For more on jobless recoveries, please see Dismal Unemployment Situation in Chart Form.
Here’s one of the charts from the article.
Click to enlarge
No Driver for Jobs
In the 1980s and 1990s, an Internet boom created massive numbers of jobs. Between 2000 and 2007, a housing boom created massive numbers of jobs. I keep asking what the next driver for jobs will be. Inventory replenishment won’t do it, nor will one-time stimulus efforts like road-building.
Nothing on the energy front seems capable at this time of producing such a boom. Commercial real estate is massively overbuilt as is the retail sector. So don't look for Home Depot (HD), Lowes (LOW), Target (TGT), or Walmart (WMT) to lead the way. Forget about banking, too, as Citigroup (C), Wells Fargo (WFC), and Bank of America (BAC) have their hands full and then some.
And although one can never tell in advance when technology breakthroughs will happen, as we’ve seen, internment booms aren’t that common. In 2001, everyone was waiting for the next "killer app.” Everyone is still waiting, so don't look at Intel (INTC), Microsoft (MSFT), or the technology sector, either.
So while everyone is tooting horns and cheering the end of the end of the recession before it’s even ended, those graphs and comments from Bernanke himself will put the pending job-loss recovery into better perspective.
Yellen Supports Inflation Targeting
My biggest grievance with Janet Yellen (aside from my distaste of the Fed’s existence at all) is her support of inflation targeting. Since when is a 2% annual rise in prices stable? Here’s a chart that shows what I mean.
Inflation Targeting at 2% a Year
Click to enlarge
Eventually, on a scheme like this, wages are bound to not keep up with prices. Moreover, the Fed ignores asset bubbles in its calculation of "inflation.”
Finally, it’s important to note that the Fed can’t control prices in the first place. The last four years should be proof enough.
I don’t believe Yellen when she says: "I can assure you that we will be ready, willing, and able to tighten policy when it’s necessary to maintain price stability. But, until that time comes, we need to defend our price stability goal on the low side and promote full employment."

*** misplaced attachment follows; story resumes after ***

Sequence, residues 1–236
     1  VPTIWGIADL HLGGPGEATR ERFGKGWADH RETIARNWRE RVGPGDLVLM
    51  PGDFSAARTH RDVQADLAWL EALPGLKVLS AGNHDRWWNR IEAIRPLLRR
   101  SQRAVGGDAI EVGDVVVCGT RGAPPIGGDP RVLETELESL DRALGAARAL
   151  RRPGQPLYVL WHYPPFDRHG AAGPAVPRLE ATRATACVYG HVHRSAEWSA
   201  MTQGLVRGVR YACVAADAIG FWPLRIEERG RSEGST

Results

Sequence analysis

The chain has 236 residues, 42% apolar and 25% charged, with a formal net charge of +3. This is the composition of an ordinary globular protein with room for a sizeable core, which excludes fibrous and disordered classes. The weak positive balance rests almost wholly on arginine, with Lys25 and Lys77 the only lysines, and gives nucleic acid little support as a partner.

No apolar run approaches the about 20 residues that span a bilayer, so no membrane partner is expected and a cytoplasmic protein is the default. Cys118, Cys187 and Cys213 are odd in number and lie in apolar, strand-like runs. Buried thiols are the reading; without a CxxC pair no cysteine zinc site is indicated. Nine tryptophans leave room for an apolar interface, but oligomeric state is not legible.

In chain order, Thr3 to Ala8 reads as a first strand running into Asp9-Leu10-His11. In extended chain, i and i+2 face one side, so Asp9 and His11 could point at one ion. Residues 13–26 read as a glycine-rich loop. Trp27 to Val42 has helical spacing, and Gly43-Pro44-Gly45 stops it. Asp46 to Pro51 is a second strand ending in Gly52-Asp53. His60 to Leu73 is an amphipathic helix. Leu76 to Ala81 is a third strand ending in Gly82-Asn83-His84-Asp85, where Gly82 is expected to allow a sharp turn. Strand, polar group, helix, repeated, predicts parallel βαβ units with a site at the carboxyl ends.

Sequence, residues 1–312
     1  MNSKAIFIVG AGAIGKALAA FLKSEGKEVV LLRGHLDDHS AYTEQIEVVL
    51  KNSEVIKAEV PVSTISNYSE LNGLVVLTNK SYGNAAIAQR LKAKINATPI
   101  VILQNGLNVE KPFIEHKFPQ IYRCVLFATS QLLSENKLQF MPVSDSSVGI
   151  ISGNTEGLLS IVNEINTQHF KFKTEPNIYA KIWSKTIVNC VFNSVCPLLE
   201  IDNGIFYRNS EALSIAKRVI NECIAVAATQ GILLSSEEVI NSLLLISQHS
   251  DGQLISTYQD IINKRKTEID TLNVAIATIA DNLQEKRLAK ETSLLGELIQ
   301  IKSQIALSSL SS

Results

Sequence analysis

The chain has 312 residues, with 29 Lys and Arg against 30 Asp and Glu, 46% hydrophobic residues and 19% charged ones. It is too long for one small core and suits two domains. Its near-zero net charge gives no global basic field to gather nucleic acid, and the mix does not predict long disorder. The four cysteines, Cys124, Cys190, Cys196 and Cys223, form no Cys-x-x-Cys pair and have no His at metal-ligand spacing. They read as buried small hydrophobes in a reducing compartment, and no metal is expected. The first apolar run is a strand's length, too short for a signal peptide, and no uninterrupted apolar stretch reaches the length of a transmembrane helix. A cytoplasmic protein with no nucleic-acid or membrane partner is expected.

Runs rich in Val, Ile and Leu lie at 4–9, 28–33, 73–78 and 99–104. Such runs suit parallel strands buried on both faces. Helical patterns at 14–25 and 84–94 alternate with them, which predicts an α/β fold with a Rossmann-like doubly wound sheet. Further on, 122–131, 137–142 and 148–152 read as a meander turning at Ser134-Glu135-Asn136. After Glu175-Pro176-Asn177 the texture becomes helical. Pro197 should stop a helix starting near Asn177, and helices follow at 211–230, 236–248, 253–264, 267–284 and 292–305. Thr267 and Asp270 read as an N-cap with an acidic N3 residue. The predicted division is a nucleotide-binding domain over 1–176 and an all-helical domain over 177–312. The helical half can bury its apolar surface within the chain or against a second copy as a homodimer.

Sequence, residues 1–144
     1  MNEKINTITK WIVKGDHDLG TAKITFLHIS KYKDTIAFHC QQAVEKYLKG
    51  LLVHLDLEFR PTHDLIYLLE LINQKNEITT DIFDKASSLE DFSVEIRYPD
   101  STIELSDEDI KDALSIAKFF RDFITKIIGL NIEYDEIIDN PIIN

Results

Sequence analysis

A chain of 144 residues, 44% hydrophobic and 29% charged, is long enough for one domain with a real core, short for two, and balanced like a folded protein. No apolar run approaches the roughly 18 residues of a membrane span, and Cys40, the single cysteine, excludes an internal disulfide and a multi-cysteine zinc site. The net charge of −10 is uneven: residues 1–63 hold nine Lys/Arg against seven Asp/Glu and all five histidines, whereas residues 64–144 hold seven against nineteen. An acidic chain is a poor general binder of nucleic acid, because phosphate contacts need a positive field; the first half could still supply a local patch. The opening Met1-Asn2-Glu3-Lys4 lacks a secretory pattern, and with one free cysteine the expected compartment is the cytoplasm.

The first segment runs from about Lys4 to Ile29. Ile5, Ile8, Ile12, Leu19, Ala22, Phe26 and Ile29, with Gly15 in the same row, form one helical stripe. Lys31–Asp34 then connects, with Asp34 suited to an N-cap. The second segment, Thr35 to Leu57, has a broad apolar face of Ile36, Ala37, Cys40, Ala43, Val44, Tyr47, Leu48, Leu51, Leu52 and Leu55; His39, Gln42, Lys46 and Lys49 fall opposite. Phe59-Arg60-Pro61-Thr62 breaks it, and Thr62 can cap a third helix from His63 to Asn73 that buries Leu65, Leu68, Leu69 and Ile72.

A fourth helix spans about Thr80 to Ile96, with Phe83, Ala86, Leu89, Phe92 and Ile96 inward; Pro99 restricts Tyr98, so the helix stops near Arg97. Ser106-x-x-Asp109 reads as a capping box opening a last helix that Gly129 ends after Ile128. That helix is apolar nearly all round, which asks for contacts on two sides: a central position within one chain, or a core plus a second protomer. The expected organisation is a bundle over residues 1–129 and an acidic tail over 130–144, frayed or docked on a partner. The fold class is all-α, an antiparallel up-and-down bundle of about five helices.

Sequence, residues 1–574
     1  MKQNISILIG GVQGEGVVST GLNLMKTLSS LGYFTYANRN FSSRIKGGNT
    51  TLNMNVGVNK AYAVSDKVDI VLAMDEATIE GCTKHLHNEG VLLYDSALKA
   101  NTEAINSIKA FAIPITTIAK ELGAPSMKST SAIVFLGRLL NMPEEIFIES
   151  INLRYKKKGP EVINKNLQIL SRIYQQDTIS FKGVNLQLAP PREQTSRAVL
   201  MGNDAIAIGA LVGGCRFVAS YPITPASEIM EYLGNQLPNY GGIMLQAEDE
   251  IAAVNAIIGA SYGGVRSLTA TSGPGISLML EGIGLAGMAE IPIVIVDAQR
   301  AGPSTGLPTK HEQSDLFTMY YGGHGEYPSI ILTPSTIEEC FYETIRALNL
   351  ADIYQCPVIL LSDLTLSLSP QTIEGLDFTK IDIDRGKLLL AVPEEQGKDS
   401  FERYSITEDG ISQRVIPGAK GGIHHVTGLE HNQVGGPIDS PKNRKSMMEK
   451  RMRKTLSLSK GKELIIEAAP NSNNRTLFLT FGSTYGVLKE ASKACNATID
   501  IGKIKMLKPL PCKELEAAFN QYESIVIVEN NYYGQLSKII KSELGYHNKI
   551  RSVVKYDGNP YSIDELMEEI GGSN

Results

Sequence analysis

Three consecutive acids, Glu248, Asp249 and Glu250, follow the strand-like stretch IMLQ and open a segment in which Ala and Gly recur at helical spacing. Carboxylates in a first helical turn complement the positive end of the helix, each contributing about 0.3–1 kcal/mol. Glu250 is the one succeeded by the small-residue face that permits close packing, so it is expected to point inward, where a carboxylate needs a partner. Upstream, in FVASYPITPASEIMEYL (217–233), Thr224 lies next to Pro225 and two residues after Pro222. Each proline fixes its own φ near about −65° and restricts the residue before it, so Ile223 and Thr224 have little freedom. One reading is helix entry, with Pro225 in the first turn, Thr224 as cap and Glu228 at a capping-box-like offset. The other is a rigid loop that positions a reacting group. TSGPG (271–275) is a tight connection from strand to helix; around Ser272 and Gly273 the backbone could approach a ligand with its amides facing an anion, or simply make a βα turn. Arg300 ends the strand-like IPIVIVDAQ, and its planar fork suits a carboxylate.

I don’t feel she has a firm enough grasp on price stability, and even if she did, the Fed has proven it won’t act on asset bubbles. Yet Belief In Wizards Runs Deep.
Inflation Targeting and Price Stability Questions
For more on Fed-promoted price stability, please see the Fallacy of Inflation Targeting.
That the Fed ignored asset prices in its measure of "inflation" is one of the reasons we’re in this mess.
Correct Inflation Target Is Zero
Here's the deal: The correct inflation target is zero. And we’ll never get there with a Fed that thinks micromanaging interest rates is the way to achieve stability.
Inquiring minds are reading Does Inflation Targeting Make Any Sense?
“Volcker: ‘I don't get it…’ By setting 2% as an inflation objective, the Fed is ‘telling people in a generation they're going to be losing half their purchasing power.’”
“Inflation Targeting Is A Moral Hazard
“Given that inflation benefits those with first access to money, any targeted inflation at all is morally wrong. Finally, for all this silly talk about inflation fighting and inflation targeting, it's important to remember what inflation really is. Inflation is an expansion of money supply and credit, where credit is marked to market. Prices generally follow money supply but there is a variable time lag, productivity and consumer sentiment are huge factors, as are a host a host of global factors including interest rate differentials and currency fluctuations.
“So even if the Fed could achieve that magic 2%, the whole shebang would eventually blow sky high anyway (as it just did) because wages will not keep up with prices causing asset bubbles to pop.”
I think Yellen is a likable person who, as I said, doesn’t sugarcoat everything and seems to speak from the heart. But when it comes to "inflation targeting" I agree with her no more than I do Bernanke.